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The present investigation examined the physiological and performance effects of lower-body compression garments (LBCG) during a one-hour cycling time-trial in well-trained cyclists.
Twelve well-trained male cyclists ([mean ± SD] age: 20.5 ± 3.6 years; height: 177.5 ± 4.9 cm; body mass: 70.5 ± 7.5 kg; VO2max: 55.2 ± 6.8 mL·kg−1·min−1) volunteered for the study. Each subject completed two randomly ordered stepwise incremental tests and two randomly ordered one-hour time trials (1HTT) wearing either full-length SportSkins Classic LBCG or underwear briefs (control). Blood lactate concentration ([BLa−]), heart rate (HR), oxygen consumption (VO2) and muscle oxygenation (mOxy) were recorded throughout each test. Indicators of cycling endurance performance were anaerobic threshold (AnT) and VO2max values from the incremental test, and mean power (W), peak power (W), and total work (kJ) from the 1HTT Magnitude-based inferences were used to determine if LBCG demonstrated any performance and/or physiological benefits.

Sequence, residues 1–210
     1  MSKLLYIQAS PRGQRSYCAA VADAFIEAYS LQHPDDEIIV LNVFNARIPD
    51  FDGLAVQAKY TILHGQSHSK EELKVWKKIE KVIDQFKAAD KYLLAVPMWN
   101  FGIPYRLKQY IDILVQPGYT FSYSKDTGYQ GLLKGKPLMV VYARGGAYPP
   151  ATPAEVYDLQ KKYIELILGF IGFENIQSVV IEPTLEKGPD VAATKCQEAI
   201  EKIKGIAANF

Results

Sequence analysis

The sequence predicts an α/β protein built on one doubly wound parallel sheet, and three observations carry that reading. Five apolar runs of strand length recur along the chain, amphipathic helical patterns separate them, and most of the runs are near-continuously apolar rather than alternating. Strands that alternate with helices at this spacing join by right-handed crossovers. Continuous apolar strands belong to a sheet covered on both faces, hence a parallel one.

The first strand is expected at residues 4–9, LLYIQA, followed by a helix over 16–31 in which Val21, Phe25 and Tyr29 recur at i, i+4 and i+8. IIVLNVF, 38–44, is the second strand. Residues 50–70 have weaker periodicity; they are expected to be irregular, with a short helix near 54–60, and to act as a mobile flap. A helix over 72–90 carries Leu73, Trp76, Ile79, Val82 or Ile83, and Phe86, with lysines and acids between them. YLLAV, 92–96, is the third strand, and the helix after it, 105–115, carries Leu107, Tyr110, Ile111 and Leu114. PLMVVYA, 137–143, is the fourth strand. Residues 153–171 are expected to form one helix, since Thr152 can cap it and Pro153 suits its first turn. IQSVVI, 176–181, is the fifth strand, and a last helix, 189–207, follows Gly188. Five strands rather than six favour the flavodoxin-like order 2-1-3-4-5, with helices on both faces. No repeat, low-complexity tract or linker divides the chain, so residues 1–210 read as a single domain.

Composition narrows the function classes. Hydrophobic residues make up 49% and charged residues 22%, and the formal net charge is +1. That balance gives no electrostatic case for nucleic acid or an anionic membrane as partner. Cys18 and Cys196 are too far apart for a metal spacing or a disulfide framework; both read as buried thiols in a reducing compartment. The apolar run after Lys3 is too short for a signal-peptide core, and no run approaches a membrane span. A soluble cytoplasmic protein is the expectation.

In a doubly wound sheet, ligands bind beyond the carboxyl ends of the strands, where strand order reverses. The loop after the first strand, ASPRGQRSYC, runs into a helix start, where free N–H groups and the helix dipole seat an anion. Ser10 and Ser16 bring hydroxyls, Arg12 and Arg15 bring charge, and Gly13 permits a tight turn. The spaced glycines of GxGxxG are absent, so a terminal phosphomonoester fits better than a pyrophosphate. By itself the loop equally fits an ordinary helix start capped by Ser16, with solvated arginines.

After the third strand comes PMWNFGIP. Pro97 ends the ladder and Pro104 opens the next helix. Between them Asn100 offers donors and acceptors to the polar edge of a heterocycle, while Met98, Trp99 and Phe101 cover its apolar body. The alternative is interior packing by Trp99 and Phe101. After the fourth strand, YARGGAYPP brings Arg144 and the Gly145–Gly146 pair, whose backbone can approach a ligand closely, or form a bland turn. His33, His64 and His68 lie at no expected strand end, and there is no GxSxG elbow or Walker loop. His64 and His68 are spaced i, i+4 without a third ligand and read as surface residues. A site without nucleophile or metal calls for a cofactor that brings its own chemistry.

A likely practically significant increase (86%:12%:2%; η2 = 0.6) in power output at AnT was observed in the LBCG condition (CONT: 245.9 ± 55.7 W; LBCG: 259.8 ± 44.6 W). Further, a possible practically significant improvement (78%:19%:3%; η2 = 0.6) was reported in muscle oxygenation economy (W·%mOxy−1) across the 1HTT (mOxy: CONT: 52.2 ± 12.2%; LBCG: 57.3 ± 8.2%).
The present results demonstrated limited physiological benefits and no performance enhancement through wearing LBCG during a cycling time trial.
Scanlan and Reaburn are with the Department of Health and Human Performance, Central Queensland University, Rockhampton, Queensland, Australia; Dascombe is with the Western Australian Institute of Sport, Perth, Western Australia, Australia; and Osbourne is with the Queensland Academy of Sport, Brisbane, Queensland, Australia